When pain is present, the natural reaction is to try not to feel it. Usually we do this by holding our breath and limiting movement. Feelings are e-motions or energy in motion. Stopping motion is one way to stop feeling. When used for this purpose, consciously or not, not moving is also a great way to get stuck.

We must move through pain to get unstuck. It’s good advice to breathe when stressed, but often breathing isn’t enough to get to the other side. Breath is only the beginning of movement. Here’s another option.

Take a moment to feel your pain; don’t push it away. What shape does your body want to take when you feel? Emphasize that shape with small, slow movements while breathing and feeling. That doesn’t mean to create injury in your body. If you have a back spasm or a sprained ankle or a wrenched neck, you don’t want to make it worse, but you can explore the edges of the pain for the length of a breath. Then come back to a neutral shape, either seated, standing, or lying down and breathe and feel. Go back and forth—undulate—between the positions of where your pain is felt and the positions of neutrality.

By putting energy in motion, your body’s wisdom will uncover the underpinnings of pain so you can move past it. Pain is part of life, so is growing from the experience. It’s what we do with pain that makes us remarkable. 

Monday, November 7, 2016

Are We Having Fun Yet?

I recently read YoungerNext Year by Chris Crowley and Henry Lodge, MD. They make a very strong case for why we need to stay physically active every day. Here’s my take: Our biology is programmed to repair our tissues when we are moving at a moderate pace. On the other hand, when we are sitting around—like the grandparent who stays safe in the cave while the rest of the family is out hunting and gathering—our DNA and brain don’t send the signals to keep us functioning optimally.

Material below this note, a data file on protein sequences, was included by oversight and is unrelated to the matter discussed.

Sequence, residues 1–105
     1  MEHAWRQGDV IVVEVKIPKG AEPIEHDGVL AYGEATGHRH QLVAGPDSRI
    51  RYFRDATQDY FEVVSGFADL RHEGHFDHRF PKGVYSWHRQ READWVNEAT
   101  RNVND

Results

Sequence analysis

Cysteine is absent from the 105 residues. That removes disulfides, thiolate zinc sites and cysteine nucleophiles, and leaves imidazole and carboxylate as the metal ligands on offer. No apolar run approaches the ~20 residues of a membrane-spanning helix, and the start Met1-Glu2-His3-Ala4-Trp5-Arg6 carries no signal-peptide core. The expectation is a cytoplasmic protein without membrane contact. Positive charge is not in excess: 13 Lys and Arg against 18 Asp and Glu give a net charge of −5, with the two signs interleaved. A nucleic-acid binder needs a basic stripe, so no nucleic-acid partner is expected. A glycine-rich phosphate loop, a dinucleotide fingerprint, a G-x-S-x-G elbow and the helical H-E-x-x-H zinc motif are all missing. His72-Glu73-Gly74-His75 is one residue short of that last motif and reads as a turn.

Crowley and Lodge recommend exercising an hour a day, 6 days a week at 65% of maximum heart rate. This heart rate is surprisingly easy to achieve, just enough to produce a sweat, but not enough to be breathing heavy. Even at that rate, my first thought of exercising 6 days a week is, “Ugh, that doesn’t sound like fun.” But Michael and I are sold on the logic of it and are keeping each other on track.

Going to the gym is not what I normally consider a good time, but it works for Michael so we go together two days a week. The gym seems boring to me, so I have to change it up, one day on the exercise bike, another on the cross trainer, one on the recumbent bike, sometimes on the elliptical. There is no way I would go by myself—having my partner makes it fun. We also reward ourselves by goofing around on the equipment after meeting the aerobics goals. It’s entertaining to play with the PRX equipment or try some fancy “power clean” moves with the free weights. 

Last Friday was beautiful, so we went for a walk instead and enjoyed the falling leaves, a peaking view of Mt. Rainier, and the crispness in the air.

I also dance twice a week, so that’s four days out of six. It’s been a struggle to get the other two days in, so I have to come up with a laundry list of possibilities.
·        My favorite, of course, is to go to the property and play lumberjack. It doesn’t even seem to be exercise when we’re clearing brush, exploring the woods, or even lugging heavy chains around. That is the key: when activity gets the heart rate up, but it isn’t drudgery. Yesterday, I chopped down a tree with an ax. (It was a little tree, but still!)
·        Running around after my grand-nephews falls in this category, too. Watching TV with them doesn’t count, but taking them to the creek or getting on the floor to play Legos does. It’s time to make another play date.
·        Since Michael’s back surgery, we’ve also been doing a weekly core exercise routine. Routine isn’t quite the right word. Although we have some regular exercises, like plank, we also come up with ideas to challenge each other, a bit like kids who ask: “Can you do this?” It was starting to get a little boring, so I bought a Bosu ball to add some variety. It also helps us work on our balance.
·        A couples times a month, I have a private Pilates session. Even if the Pilates routine isn’t 100% fun, it’s 100% helpful and my Pilates teacher is always enjoyable.
·        Yoga is fun sometimes and sometimes it’s not. I realize that’s my mood—not yoga itself—that makes the difference. When it the physical aspect of yoga sounds fun, I do it. (I try to practice the non-physical, non-exercise aspects of yoga every day.)

Playfulness is an important part of staying younger, particularly when it applies to exercise. I want to be the old grandma in the cave, but the grandma who is laughing joyfully, not groaning because my joints hurt. So I look for fun activities and try to add them to my regular repertoire of six days a week of exercise.